Global trends in pharma machinery
A recent VDMA Symposium showcased global trends. An Express Pharma report
In the past few years, Indian pharmaceutical companies have been increasing their focus on international markets, in order to improve valuations. Thus, many Indian pharmaceutical manufacturing plants have been fitted out with sophisticated machinery, in order to ease regulatory clearances in regulated markets. Indian pharmaceutical manufacturers are, therefore, very keen to keep up with global trends.
Jens-Uwe Roestel, Managing Director, KORSCH Asia Pacific, says, “In today’s development at pharmaceutical companies, more and more is about drug delivery options in tablets. To be able to implement this feature into tablets you need special designs, e.g. layered tablets of two to five layers in one tablet, or tablet in tablet, corecoating, formerly known as dry coating. Korsch has developed technologies, which make tablet presses flexible to be used for one to three layered tablets or core coated tablets in a normal standard mach-ine and only modules have to be exchanged. This gives the users the advantage, that they can develop very special tablets without the requirements to invest into very special type of tablet presses.”
In keeping with these trends, tabletting machines of the 21st century are bound to look very different. Roestel predicts three trends visible today, “Ultra flexible modular build machines for almost all possible application will be seen.” Secondly, contained machines for the production of high potent drugs will have a much bigger market share. “And we will see small machines for very flexible extreme small batch productions.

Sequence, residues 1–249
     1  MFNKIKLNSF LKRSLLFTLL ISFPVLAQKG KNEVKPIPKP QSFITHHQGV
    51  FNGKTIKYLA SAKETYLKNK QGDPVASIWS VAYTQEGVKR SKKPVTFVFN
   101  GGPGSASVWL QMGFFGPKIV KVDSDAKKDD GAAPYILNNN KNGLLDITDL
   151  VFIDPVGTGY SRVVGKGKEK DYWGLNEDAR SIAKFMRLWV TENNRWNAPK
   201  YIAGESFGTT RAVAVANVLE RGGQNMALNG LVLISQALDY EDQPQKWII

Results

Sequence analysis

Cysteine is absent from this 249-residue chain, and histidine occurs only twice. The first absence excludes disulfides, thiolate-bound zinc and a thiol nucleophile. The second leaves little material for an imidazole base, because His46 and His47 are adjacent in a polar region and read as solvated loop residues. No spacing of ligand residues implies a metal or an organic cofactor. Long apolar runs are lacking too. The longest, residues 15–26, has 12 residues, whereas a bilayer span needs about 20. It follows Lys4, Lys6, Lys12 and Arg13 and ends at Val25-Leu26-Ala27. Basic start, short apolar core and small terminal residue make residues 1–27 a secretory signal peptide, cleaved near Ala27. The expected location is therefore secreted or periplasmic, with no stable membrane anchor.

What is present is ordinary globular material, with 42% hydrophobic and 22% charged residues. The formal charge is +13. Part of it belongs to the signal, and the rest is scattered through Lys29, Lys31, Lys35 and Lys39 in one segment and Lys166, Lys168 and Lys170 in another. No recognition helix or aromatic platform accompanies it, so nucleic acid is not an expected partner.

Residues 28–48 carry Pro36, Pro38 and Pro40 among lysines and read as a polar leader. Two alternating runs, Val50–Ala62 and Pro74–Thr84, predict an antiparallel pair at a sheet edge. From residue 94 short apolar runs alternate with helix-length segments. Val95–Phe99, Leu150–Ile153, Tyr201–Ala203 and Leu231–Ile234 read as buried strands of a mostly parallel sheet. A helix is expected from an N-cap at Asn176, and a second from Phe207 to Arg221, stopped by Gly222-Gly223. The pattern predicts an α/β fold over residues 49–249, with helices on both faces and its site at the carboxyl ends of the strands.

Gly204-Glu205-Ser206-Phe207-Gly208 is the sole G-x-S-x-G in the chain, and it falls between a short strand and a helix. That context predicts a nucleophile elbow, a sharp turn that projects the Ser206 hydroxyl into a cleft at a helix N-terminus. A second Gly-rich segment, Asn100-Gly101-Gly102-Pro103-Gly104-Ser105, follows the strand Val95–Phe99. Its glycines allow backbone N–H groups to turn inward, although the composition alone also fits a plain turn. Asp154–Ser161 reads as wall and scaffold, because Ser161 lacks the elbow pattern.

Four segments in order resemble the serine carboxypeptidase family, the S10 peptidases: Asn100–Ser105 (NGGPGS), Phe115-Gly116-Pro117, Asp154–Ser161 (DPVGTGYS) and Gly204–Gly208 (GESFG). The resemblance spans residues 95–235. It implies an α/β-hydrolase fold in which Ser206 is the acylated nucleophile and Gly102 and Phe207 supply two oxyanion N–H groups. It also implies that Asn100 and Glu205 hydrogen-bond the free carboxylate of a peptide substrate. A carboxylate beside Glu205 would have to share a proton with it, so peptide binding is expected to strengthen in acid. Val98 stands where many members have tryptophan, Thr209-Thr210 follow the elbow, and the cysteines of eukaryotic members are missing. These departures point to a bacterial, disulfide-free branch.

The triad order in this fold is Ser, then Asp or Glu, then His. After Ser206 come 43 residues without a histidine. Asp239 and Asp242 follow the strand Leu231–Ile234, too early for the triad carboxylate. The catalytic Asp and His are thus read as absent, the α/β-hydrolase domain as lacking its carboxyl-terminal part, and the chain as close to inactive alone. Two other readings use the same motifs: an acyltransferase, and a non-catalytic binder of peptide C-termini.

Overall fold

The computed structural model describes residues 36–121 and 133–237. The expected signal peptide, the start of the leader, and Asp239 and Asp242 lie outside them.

For customer designed drugs. That means every tablet will be formulated for the requirement of exactly one customer. This will become a very important, but also complex and complicated field,” he concludes.
Other trends are also visible. Stephan Mies, General Manager, Korsch, pointed out that the incorporation of Cleaning In Place (CIP) systems, which is vital for user safety and time saving is another important feature to be incorporated into pharma machinery.
Roestel and Mies were in Mumbai to participate in a Symposium on ‘German Technology for the Pharma-ceutical Industry” organised by VDMA, the German Engineering Federation in Mumbai recently.
The time seems right for such symposiums. Dr Peter Golz, Deputy Managing Director, VDMA pointed out that previously, the Indian machinery market used to be a closed market, due to high import duties, but this has improved as the Indian economy is opening up to focus on international markets. Rajesh Nath, Managing Director of the Indian office of VDMA, said that the response to the Symposium has been good.